That seems to be inching closer toward becoming a reality. NFL Network Insider Ian Rapoport reported Thursday Brady's representation is meeting with clubs this week during the NFL Scouting Combine, and the Los Angeles Chargers, Las Vegas Raiders and Indianapolis Colts are among those clubs. It is common for teams to meet with agents of their own prospective free agents during the combine. Don Yee and fellow agent Carter Chow also represent free agent David Onyemata, who is a top free agent. They also represent Chargers cornerback Michael Davis, who is a restricted free agent.
A league spokesperson told Rapoport: "Teams are only allowed to talk about their own players in those conversations."
NBC Sports Boston's Tom Curran, however, reported earlier this month that the Patriots are unlikely to file tampering charges against teams talking to Brady's reps ahead of free agency, and actually are OK if clubs go that route so that Brady can have an accurate idea of his market before talking to the only team he has played for.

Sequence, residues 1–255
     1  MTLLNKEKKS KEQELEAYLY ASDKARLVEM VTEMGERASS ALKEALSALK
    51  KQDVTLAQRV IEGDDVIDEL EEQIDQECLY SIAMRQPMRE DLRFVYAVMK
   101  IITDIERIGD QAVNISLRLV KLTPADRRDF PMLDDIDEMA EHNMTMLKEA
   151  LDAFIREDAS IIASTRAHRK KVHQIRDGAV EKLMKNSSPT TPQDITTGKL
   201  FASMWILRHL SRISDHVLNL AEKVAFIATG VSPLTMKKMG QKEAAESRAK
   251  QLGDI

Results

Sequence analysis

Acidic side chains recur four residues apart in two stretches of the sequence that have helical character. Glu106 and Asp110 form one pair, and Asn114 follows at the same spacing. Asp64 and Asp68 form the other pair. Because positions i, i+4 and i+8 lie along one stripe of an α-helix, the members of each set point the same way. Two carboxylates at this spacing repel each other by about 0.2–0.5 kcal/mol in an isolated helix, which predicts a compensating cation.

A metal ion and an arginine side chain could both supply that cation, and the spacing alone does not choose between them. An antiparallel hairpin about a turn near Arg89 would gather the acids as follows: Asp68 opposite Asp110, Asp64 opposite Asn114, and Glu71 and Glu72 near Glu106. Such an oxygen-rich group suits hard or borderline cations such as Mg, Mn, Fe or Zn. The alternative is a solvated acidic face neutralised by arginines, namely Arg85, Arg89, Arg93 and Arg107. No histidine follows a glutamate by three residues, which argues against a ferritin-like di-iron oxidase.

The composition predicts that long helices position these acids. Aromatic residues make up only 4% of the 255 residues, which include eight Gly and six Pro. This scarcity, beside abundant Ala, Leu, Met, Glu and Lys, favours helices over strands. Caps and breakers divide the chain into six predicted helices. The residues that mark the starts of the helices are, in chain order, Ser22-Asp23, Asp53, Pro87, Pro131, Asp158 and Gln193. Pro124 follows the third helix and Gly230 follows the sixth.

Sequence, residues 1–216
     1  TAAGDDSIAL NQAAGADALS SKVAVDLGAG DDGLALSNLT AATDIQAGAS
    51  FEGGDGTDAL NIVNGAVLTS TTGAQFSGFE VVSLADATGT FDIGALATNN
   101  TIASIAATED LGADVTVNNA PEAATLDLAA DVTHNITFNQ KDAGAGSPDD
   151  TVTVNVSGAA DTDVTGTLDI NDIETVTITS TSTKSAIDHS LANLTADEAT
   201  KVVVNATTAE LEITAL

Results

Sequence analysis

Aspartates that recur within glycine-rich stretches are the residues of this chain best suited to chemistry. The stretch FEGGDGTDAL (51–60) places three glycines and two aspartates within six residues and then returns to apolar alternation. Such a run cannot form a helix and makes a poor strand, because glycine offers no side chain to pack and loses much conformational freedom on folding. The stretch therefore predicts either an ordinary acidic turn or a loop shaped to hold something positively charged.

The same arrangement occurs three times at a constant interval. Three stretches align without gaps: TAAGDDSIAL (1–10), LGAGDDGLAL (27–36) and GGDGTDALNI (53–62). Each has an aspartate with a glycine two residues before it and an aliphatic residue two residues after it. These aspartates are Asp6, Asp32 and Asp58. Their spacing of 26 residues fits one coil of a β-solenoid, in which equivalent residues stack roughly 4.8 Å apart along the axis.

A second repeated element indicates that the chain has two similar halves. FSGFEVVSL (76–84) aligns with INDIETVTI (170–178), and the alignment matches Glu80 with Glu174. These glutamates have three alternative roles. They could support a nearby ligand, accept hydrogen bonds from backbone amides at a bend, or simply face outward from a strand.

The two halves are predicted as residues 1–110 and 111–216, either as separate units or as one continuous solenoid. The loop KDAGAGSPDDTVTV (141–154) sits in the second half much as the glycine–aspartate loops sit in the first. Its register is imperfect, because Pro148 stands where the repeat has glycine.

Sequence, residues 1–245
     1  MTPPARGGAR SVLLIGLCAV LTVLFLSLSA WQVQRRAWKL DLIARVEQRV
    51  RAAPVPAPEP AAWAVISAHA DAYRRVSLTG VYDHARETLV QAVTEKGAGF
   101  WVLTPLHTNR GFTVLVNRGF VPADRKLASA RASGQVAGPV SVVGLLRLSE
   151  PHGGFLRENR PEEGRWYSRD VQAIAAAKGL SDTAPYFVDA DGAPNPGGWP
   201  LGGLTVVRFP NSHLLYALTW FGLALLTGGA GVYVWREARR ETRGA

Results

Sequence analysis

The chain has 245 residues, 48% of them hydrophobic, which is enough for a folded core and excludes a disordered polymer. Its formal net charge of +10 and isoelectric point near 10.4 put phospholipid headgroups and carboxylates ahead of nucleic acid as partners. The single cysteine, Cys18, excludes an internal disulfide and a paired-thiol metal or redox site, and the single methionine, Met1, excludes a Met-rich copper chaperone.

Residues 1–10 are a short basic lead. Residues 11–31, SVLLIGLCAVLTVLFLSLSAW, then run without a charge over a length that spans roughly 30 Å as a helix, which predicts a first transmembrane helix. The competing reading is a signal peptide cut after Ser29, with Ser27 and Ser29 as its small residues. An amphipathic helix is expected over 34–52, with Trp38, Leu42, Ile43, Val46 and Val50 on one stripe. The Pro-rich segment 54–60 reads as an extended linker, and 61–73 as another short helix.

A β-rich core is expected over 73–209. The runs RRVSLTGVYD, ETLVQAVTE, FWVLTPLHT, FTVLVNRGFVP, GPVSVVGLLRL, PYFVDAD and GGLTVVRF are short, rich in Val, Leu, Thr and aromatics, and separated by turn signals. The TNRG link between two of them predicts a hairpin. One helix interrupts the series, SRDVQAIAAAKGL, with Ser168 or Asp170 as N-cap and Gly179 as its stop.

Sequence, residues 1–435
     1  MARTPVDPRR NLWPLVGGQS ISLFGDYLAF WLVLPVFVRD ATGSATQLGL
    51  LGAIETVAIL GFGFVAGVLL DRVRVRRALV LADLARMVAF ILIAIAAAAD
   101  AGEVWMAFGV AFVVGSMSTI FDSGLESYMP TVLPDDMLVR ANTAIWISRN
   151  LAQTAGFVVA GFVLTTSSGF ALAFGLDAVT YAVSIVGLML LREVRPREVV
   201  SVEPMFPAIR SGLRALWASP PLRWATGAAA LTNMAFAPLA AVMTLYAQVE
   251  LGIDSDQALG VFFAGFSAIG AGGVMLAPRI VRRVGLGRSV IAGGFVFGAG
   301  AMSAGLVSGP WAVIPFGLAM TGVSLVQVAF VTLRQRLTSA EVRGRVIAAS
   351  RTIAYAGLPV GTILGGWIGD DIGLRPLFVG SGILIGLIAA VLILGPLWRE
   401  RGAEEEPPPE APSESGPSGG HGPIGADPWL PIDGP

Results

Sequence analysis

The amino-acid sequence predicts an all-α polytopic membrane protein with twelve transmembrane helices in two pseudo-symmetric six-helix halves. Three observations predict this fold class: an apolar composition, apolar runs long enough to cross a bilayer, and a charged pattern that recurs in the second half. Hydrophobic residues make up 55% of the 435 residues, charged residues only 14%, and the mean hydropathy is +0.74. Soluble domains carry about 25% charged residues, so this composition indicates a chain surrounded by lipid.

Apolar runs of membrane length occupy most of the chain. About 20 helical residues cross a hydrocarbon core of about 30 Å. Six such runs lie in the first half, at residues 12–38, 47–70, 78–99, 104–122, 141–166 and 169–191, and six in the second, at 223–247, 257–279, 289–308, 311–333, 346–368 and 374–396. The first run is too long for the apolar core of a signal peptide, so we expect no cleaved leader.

Additionally, the Patriots have yet to reach out to Brady's camp about a new contract. With the quarterback headed to free agency March 18, time is suddenly getting short before he hits the open market.
"It's not surprising -- there's no CBA," Rapoport said during NFL Now. "The Patriots have no reason to negotiate now. It's probably going to come closer to when the tampering window opens."
It's a logical approach, of course, with certain necessary parameters in flux with the new collective bargaining agreement nearing approval but not yet there. It also creates room for legitimate risk, should Brady's camp -- headed by Yee, his longtime agent -- find another team's pitch to be more alluring and convincing than New England.
The lack of a legitimate communication between the Patriots and Brady and its potential impact is why we're here right now. Where that leads Brady remains to be seen. A good amount of the path for him could be laid this week in Indianapolis.